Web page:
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Photo by AlenaVasilyeva

Global Trustbuilding: North East India

Tuesday, 16. April 2019

In January of this year, Initiatives of Change International hosted a consultation at Asia Plateau, the IofC conference centre in India. It brought together 81 people from 37 countries, all carrying responsibility for some aspect of the work of Initiatives of Change. It was described as a ‘Sangam’, a Hindi word meaning a place where rivers meet. This expressed its aim – to bring together Initiatives of Change across the world in all its diversity and combine our forces better to nourish the people and concerns with which we are involved.

The discussions gave participants an opportunity to hear about IofC work in many countries. Over the coming weeks we would like to share three accounts we heard, from Asia, Europe, and the Middle East. This week we hear from our team working in North East India!

North East India
Christine and Niketu Iralu

Niketu Iralu comes from Nagaland in North East India. He has received numerous awards for his work for peace in the region:

There are more than 200 tribes in the North East region of India. Many are waking up to new aspirations and struggling to achieve them. This has resulted in continuous instability and violence for more than 50 years, making proper development impossible.

Some of us doing all we can to prevent our region from becoming killing fields. My wife and I have named our home ‘Kerünyü Ki’, in our language ‘a house for listening’. It is built on the edge of a forest. Meetings of Naga tribes and villagers take place there, sometimes with people from our neighbouring States. We offer people the chance to listen, which is the beginning of a response to violence. We find it reduces tension and opens doors unexpectedly to new possibilities. We have seen militant leaders, known for their advocacy of violence, meet with others and seek solutions in silence. They express gratitude that there is a place they can search for better ways for our people.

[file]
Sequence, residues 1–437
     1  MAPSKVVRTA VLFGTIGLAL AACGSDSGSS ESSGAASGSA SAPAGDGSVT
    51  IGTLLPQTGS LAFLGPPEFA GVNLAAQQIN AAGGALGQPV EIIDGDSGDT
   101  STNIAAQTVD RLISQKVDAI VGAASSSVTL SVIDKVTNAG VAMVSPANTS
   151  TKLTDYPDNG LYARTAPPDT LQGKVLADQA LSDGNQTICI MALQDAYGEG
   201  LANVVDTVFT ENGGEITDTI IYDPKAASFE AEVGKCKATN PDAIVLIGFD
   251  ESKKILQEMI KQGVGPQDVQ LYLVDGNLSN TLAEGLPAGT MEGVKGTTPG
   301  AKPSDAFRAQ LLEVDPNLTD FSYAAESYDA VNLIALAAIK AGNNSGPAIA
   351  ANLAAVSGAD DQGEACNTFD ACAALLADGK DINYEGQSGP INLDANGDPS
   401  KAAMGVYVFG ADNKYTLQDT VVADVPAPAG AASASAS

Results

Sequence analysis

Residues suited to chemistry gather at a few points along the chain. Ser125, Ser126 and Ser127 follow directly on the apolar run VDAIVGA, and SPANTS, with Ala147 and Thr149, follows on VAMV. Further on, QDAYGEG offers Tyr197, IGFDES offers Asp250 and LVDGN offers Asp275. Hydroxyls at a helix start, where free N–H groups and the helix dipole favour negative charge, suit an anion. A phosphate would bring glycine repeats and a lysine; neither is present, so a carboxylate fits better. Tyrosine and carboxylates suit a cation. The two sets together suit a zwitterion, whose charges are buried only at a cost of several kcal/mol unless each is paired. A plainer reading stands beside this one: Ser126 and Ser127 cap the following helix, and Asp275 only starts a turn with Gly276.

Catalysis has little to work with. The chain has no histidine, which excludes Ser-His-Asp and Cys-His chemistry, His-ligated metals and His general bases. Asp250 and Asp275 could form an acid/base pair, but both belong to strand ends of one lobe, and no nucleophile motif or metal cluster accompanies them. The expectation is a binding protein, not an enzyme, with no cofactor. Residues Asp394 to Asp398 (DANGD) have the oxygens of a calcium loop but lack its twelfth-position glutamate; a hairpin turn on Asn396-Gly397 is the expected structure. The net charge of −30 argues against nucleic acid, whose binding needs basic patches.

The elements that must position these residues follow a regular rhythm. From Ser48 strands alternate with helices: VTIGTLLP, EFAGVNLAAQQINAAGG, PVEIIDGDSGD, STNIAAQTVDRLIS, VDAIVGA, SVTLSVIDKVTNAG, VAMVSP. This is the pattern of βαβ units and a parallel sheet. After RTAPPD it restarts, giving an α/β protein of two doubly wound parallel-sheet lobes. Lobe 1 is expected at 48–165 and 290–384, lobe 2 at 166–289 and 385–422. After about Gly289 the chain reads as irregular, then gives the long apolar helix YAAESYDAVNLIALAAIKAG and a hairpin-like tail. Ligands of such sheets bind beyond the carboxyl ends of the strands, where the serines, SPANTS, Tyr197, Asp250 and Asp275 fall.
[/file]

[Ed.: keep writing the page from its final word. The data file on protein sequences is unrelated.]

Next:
The President of the All-Bodo Students Union came with 16 of his colleagues for a two-day retreat to learn to listen to ‘the inner voice’. They came, he said, because their people had suffered so much for so long, and they were ready to change if this would end the suffering. The Bodos are a very important tribe. They control the narrow entrance to the North East and can stop all movement to the rest of India for days. The student president persuaded his people to fight for their aspirations without violence and corruption. It has made an immense difference. 

This is just one story of many I could tell. Where people obey their inner voice, they find inspiration and a determination not to give up. This change is making an impact on the region. I believe violence has started to be rejected in North-East India. The challenge before us now is to take this experience to other places of suffering in Asia.

IofC India interns

Sunny Mawiong comes from Meghalaya, another State in North East India. He is part of a team from Asia Plateau which has been working with Niketu and others in the region, organizing seminars and dialogues in areas of tension and conflict. ‘People from elsewhere in India and beyond have come to help us in this work,’ he says, ‘and this has strengthened our spirit. A lot of communities are looking for alternatives and are responding to the approach which Initiatives of Change brings. I have committed myself to work with leaders in North East India for a non-violent approach and I have found hope for the region.’